I just realized that it’s been nearly two months since staff were told about my new role as publicity manager. It’s been a long transitional period. My awesome colleague Alex left us two weeks before the website launch which shifted the workload around a bit. My other teammate took most of it, but the little incidentals and knowledge base Alex managed soon showed up. So over the summer after the site launched, my time was spent catching up with all the publicity requests and answering questions. One-on-one requests popped up like flowers after a rainstorm. It was a busy time.
New Job Catch Up
Once I was placed into my new role, my first task was to interview department heads and key people about their publicity workflows. I also stuck questions in there about their hopes and pain points. This took place over the three weeks till I went on vacation. I was gone for two weeks. When I returned, it took four days to get through emails and to a point where I could breathe again. Within half an hour, I broke out in a sweat and came down with a stomach bug for two days. It wasn’t fun. However, dawn broke through while I was on vacation when we hired our new Senior Tech — the much needed fourth in our department.
Press Release Contacts Spreadsheet
So now here I am seven weeks into the new job and I created my first two spreadsheets. One to get the list of all PR contacts. My sheet has more columns than necessary, so I hid ones which I won’t use much (fax, home number). This is all kept in a folder on Google Drive.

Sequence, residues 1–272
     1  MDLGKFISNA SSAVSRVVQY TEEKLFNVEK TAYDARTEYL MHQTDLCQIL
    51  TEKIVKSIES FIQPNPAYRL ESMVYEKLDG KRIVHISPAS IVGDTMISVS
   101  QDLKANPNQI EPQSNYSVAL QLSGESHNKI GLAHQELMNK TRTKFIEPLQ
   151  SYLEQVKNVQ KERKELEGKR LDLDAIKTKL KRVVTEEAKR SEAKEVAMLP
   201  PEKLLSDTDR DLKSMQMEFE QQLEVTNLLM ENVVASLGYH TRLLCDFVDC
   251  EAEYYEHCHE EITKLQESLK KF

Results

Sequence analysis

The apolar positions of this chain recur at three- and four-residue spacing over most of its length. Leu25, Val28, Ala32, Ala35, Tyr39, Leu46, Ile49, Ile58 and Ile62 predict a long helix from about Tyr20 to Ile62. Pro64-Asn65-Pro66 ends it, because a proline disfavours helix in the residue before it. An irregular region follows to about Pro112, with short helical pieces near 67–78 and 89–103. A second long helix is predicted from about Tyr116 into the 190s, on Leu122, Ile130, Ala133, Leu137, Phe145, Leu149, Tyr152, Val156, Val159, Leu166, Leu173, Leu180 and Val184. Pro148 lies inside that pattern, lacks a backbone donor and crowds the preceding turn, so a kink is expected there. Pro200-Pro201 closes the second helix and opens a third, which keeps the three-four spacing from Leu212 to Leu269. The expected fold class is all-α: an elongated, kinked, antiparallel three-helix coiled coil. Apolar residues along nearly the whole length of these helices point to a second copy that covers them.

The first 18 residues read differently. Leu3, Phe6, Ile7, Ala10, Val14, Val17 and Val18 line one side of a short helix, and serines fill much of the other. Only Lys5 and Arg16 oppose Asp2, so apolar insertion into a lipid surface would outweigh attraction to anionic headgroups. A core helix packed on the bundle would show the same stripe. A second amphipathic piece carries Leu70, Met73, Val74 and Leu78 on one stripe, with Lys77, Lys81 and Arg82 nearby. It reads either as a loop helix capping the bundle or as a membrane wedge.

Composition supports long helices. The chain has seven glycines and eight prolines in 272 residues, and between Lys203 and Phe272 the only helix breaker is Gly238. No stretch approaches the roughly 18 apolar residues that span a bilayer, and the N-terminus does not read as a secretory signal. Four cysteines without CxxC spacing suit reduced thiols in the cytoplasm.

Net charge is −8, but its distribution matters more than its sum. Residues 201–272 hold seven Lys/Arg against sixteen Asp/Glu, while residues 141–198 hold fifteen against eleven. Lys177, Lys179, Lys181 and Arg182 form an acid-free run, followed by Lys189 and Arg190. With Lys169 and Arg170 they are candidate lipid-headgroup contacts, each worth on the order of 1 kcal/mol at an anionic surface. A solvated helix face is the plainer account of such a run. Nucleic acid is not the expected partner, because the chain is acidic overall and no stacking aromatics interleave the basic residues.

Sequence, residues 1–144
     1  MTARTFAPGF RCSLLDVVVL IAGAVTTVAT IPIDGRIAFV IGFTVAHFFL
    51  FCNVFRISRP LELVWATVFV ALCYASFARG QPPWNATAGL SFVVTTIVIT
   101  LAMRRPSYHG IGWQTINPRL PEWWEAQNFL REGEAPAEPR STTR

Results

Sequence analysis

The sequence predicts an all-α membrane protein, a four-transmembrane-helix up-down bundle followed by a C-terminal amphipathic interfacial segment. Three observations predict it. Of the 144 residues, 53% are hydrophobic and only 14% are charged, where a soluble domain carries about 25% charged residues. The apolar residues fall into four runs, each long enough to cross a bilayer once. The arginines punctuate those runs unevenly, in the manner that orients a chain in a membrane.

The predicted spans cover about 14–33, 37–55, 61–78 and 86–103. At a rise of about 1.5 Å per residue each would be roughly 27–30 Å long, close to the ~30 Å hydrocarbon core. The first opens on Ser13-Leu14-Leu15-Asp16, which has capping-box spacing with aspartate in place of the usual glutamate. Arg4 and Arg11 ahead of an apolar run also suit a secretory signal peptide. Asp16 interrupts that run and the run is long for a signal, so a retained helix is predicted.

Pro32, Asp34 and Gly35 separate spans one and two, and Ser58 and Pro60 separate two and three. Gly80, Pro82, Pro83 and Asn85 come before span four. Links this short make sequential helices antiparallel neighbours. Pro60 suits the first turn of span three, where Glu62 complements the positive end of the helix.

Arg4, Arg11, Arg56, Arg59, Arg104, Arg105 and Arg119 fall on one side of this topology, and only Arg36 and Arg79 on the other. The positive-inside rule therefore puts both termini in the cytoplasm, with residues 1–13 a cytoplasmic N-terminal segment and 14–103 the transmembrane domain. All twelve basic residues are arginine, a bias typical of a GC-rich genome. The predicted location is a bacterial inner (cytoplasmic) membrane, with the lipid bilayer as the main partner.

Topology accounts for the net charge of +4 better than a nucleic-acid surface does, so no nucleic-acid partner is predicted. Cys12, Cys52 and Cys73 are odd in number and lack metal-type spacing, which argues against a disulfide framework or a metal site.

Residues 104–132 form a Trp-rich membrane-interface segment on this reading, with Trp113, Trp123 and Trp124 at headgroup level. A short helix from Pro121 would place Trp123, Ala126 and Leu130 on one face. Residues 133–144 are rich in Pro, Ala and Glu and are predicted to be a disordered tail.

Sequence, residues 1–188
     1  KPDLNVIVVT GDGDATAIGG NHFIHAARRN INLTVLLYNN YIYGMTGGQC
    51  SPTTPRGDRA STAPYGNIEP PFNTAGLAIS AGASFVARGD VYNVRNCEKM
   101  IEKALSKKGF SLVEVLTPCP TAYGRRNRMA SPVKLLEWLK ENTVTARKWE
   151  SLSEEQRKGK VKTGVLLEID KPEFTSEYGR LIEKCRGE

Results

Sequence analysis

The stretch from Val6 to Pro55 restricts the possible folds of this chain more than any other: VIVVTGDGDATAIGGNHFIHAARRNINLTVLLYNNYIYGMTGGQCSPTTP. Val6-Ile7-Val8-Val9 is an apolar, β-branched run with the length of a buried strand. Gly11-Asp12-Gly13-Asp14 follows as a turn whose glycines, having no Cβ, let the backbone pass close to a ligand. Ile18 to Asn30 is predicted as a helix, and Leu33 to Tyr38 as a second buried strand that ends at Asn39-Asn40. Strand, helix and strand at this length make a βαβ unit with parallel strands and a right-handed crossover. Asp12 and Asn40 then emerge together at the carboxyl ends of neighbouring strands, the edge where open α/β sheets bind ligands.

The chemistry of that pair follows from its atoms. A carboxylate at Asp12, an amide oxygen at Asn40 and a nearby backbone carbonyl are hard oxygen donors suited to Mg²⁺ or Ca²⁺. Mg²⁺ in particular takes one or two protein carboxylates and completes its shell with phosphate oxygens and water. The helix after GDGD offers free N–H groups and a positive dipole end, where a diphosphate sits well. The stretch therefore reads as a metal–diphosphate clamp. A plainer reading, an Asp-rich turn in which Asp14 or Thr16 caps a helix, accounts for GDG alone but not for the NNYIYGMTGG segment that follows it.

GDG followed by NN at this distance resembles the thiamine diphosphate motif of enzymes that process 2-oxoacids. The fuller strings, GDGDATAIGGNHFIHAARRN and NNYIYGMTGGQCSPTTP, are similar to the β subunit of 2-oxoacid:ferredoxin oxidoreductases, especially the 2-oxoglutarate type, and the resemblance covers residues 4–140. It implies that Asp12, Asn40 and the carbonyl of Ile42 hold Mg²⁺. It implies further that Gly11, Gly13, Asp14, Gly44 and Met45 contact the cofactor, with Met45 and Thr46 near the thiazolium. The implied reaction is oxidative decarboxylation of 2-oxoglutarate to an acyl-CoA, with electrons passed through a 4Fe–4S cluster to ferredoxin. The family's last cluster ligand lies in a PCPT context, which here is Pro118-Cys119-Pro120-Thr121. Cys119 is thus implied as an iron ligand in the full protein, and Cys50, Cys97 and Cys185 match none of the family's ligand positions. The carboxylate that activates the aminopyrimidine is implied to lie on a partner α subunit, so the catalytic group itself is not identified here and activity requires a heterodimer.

The PR Contact sheet has these fields: Venue, Contact (how often/when), Website URL, Type (blog, newspaper), Name (of Contact), Email, Cell Number, Home Number, Fax, Twitter, Send them…? (meaning what their interest is), and Notes (best for fundraising). I created the multiple phone numbers and fax columns since one of the people have that as part of their contact info.
Press Release Template
Then I tried my hand at a Press Release template. I used the one my colleague Mallory uses and changed it to have my name on it as the contact person then wrote a draft of a new boilerplate info about the Library. When I sent it back to her, we discussed how to handle this tricky area and decided to keep her name on them. She would know more about the specific programs. My job here is to just send the emails outwards.
Publicity Knowledge Spreadsheet
Next I created a spreadsheet titled Publicity Knowledge. This is a place to track publicity duties and who is responsible for what and why. The above discussion about whose name goes on the PR is a good example of something to document. Right now I have six items on the list. As I go back over my meeting notes, I’ll likely fill in more spaces and figure out how to put that into my schedule.
I’ll take my first official step this week by sending out the PR pieces on Thursday morning. Next week I’ll take over our weekly events email. I’m excited about that since I was in charge of it before. Since I’m obsessed with email stats, I’m looking forward to all the little experiments I can try to improve what we’re doing. Mallory and my other colleagues have been so gracious in letting me set up A/B tests in the past. It’s just going to be great to control that from an end-to-end perspective. However, our individual event emails are still going to go through Mallory and the Children’s Library’s person. I’ll just be getting a schedule together to make sure we’re not bombarding patrons with emails.
Tomorrow I’m going on a field trip to meet a fellow publicity person at another library. I hope she likes Dunkin Donuts!